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Teaching Residents About Practice-Based Learning and Improvement

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Background: The Accreditation Council for Graduate Medical Education has endorsed practice-based learning and improvement (PBLI) as a core competency for residents. Health professions educators have sought since the early 1990s to incorporate quality improvement principles, methods, and skills into training programs. A literature review indicates that questions remain regarding how to best train physicians to lead the improvement of patient care. The efficacy of two PBLI educational interventions was examined by comparing the performance of participating residents with that of controls.

Interventions: Personal improvement projects (PIPs) and a workshop were implemented to teach PBLI to internal medicine residents. Residents in an ambulatory block rotation were required to complete a PIP. All residents were invited to attend the workshop. Those participating in neither served as controls.

Evaluation: An instrument was used to assess applied improvement knowledge for PIP participants at project completion and all residents six to eight months later. Analysis of variance showed no difference between the performance of PIP participants at project completion and PIP participants and controls six to eight months later. A second analysis compared six- to eight-month follow-up data for residents doing PIP only, workshop only, both PIP and workshop, and controls. No significant differences were detected among groups. Interrater reliability for the tool was good.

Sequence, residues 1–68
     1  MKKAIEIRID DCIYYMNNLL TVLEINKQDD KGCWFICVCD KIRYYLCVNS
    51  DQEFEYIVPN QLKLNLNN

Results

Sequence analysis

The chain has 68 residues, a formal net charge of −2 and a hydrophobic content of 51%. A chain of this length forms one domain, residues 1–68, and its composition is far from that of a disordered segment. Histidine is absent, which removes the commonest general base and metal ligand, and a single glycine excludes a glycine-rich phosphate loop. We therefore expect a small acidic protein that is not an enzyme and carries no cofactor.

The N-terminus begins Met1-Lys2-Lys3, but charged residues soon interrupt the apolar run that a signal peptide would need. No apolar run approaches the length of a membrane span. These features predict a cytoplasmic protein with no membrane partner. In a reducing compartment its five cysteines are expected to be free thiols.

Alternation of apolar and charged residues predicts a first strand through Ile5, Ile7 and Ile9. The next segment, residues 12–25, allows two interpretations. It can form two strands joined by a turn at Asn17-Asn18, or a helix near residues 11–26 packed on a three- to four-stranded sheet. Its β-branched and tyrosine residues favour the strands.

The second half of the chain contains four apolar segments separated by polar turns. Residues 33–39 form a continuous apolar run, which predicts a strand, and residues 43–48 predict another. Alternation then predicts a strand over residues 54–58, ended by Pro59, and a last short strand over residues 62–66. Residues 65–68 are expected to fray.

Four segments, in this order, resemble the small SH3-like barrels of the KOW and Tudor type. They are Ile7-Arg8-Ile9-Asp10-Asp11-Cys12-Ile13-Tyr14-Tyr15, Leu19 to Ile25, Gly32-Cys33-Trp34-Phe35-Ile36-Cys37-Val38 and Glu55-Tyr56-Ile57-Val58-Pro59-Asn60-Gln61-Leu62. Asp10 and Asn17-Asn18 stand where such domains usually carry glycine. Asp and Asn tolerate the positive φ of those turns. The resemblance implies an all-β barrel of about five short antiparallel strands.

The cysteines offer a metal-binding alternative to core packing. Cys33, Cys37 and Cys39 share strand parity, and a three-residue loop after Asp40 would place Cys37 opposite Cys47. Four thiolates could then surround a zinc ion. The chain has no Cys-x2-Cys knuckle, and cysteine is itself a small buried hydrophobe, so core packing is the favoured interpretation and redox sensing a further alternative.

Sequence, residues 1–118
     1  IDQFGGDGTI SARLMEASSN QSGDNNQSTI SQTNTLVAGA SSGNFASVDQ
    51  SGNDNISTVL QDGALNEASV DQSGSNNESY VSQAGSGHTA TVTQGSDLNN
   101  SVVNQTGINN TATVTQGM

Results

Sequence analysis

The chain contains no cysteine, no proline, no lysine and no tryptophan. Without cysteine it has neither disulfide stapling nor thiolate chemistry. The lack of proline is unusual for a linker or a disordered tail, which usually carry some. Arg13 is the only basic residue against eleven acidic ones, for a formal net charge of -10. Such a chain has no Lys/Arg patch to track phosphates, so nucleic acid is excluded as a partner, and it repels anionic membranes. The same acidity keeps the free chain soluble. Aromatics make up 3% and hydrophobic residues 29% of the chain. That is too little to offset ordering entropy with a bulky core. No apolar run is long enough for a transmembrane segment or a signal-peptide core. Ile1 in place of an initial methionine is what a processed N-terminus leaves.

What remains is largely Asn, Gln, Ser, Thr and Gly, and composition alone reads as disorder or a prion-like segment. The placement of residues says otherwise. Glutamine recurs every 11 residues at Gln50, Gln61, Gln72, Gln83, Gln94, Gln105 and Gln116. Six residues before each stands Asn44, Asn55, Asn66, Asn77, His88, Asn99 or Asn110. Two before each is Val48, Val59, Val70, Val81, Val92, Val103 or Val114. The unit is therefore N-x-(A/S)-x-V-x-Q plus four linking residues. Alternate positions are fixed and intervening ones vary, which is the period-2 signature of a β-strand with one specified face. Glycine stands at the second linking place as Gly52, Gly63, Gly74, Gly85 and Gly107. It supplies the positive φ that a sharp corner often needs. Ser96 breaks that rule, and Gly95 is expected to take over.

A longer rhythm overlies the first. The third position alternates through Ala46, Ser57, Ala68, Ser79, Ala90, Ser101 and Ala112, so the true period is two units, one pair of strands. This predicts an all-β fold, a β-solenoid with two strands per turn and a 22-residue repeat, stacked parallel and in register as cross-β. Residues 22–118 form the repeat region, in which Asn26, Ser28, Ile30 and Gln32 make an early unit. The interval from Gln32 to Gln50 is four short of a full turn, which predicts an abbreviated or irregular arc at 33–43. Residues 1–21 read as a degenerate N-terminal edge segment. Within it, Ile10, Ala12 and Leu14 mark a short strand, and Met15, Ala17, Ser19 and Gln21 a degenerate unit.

Discussion: No difference was found between intervention residents and controls in the assessment of their ability to apply improvement knowledge. This suggests that workshops and PIPs alone will not lead to competence in PBLI. Building this competency likely will require more emphasis on experiential learning and resident participation in health care improvement projects.

Document Type: Research Article

Publication date: August 1, 2008

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  • Published monthly, The Joint Commission Journal on Quality and Patient Safety is a peer-reviewed publication dedicated to providing health professionals with the information they need to promote the quality and safety of health care. The Joint Commission Journal on Quality and Patient Safety invites original manuscripts on the development, adaptation, and/or implementation of innovative thinking, strategies, and practices in improving quality and safety in health care. Case studies, program or project reports, reports of new methodologies or new applications of methodologies, research studies on the effectiveness of improvement interventions, and commentaries on issues and practices are all considered.

    Also known as Joint Commission Journal on Quality Improvement and Joint Commission Journal on Quality and Safety
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